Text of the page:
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Do you love your morning tea? Have you ever been disappointed that your trusted tea powder sometimes fails to meet the usual quality? Don’t worry, blockchain technology is going to solve your problem soon. Does that sound crazy? Read on.
We have all been hearing the term blockchain technology and almost automatically another which we recall immediately is Bitcoin. While Blockchain is the technology powering Bitcoin, this is just one among the millions of uses it has the potential to fulfill. Blockchain technology is essentially a system of recording information. It is a suite of distributed ledger technologies that can be programmed and tracked.
What makes blockchain technology so transformative?
The most basic aspect is trust. In a time when individuals and governments are struggling with data security issues and data tampering, blockchain presents a unique trust-worthy way forward.
It is impossible to change or tamper with blockchain data. Blockchain stores information in a series of blocks. To create a block, a cryptographic puzzle needs to be solved, which then needs to be verified by a network. Once this block is verified and added to the ledger it can never be deleted. Any change in information or data is recorded as an alteration of previous data and the changes can be seen by all.
With this system, there are the added advantages of:
• Provenance: one can trace any change in data and ensure accountability.
• Consensus and super security.
• Decentralized system: there is combined ownership of the chain by the network.
Coming back to our question of tea, adulteration of tea often leads to the mixing of good and bad quality tea leaves. The Tea Board of India aims to solve this problem through the digitalisation of data with blockchain at its centre. It will record all the details pertaining to procurement, manufacturing and delivery of the end product. Thus, you and the Tea Board can track the origin of tea back to the plantation and record any cases of adulteration. Now how is this possible? Smart Contracts can make this possible.
The key ingredient to making blockchain successful in creating all this magic is smart contracts. Smart contracts are blockchain-based, self-executing contracts that are triggered by the happening of certain predetermined events.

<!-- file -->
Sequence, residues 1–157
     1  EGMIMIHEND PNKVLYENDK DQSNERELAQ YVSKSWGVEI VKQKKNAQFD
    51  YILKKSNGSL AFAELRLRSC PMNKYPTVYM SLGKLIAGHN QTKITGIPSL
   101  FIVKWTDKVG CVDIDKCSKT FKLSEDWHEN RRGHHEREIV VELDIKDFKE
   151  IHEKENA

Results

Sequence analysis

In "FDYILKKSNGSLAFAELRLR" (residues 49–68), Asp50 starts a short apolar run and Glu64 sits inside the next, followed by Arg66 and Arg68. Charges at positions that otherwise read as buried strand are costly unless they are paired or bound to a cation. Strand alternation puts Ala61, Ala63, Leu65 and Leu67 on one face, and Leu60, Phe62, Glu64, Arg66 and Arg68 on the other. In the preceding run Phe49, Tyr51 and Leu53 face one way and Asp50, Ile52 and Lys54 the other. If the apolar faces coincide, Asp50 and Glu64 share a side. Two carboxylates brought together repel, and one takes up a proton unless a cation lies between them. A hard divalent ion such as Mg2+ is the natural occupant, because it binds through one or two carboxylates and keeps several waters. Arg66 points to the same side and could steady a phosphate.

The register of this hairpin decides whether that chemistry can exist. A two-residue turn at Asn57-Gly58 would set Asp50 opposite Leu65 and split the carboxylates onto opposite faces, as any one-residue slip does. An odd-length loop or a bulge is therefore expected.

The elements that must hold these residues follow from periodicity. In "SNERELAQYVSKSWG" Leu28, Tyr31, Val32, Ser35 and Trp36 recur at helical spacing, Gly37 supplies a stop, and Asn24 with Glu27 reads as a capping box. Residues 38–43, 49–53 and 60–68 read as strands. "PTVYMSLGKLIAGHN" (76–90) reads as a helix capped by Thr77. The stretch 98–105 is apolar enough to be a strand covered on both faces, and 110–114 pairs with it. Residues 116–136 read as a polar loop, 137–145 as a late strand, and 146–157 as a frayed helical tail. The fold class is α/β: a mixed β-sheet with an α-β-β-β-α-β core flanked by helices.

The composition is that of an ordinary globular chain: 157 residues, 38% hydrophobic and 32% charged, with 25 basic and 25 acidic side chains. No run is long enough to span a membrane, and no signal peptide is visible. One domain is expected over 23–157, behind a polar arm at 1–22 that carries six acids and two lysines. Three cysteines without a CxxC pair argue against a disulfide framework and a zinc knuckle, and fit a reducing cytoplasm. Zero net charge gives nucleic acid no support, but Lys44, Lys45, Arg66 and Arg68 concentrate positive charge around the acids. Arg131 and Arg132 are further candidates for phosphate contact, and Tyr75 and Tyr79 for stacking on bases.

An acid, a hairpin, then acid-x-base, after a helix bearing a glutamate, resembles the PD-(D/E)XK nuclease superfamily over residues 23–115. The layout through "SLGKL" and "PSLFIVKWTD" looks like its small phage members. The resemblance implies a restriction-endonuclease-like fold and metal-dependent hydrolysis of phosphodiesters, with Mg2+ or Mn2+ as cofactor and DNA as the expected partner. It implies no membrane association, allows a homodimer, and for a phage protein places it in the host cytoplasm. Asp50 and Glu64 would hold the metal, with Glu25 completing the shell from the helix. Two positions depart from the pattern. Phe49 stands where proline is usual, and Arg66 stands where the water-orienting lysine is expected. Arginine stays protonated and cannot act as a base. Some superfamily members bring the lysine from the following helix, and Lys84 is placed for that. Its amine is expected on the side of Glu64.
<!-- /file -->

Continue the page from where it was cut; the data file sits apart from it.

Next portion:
They are usually used to automate the implementation of the agreement so that all participants can determine the result immediately, without the involvement of an intermediary and without wasting time. Thus an event B occurs automatically but only when event A occurs. This holds the potential to bring speed, efficiency, and accuracy in sectors like finance, the judiciary etc.
Smart contracts are a key element of many applications and platforms created using blockchain or distributed ledger technology.
Block chain’s Potential in India:
While Blockchain technology has been creating ripples in the financial world and has been embraced by our Finance minister in the new 2022 budget announced recently on 1st Feb 2022, excitement is growing because of its potential to transform governance and aid in providing solutions to India’s developmental goals. As per the 2019 NASSCOM Blockchain Report, as many as 50 percent of the states are involved in blockchain technology’s adoption in varying degrees.
Niti Aayog’s policy paper in 2020 on Blockchain: The Indian strategy highlights how blockchain has the potential to enable ‘Ease of Living, Ease of Doing Business and Governance’. But the question in India is – Can blockchain help rural India? Is this a technology that suits just urban metro India? To what extent can blockchain technology be useful to alleviate the problems of the poor and marginalised people in the country?
A Case for Blockchain technology in Bihar
The question on the potential of blockchain technology in India would be ‘Can it create an impact on rural India and in a cost-effective manner?’ We look at the possibilities with the state of Bihar as focus.
Bihar is one of the states in India in which the development challenges have been huge and continue to daunt both the central and the local governments. Today Bihar is at a point where the focus and discussion are more about development and jobs. The present government has come to power on the basis of the promise that it would create 1.9 million jobs for the youth. This would be an ideal time for Bihar to focus on blockchain technology. While the government is setting up IT parks across the state, skill development courses on the blockchain should be an important focus area right now.
Agriculture and allied sectors form the major source of employment for the labour force (48%) according to the state’s Economic Survey report. However, agriculture in Bihar continues to be a low-profit operation where the farmers produce mostly for their subsistence. This is because Bihar has one of the smallest per capita land (average landholding size in rural areas is 0.242 hectares). Further, most of the farmers take loans from non-institutional lenders. Blockchain can serve the government’s efforts to improve profitability to farmers and ensure they have easy access to credit. For instance, Blockchain can be used to standardize land records and provide easy commodities loans to farmers by linking them to warehouses. An Uber for Tractors, based on blockchain technology and using blockchain to map out the entire journey of food production will ensure that more agri-tech companies will invest in Bihar.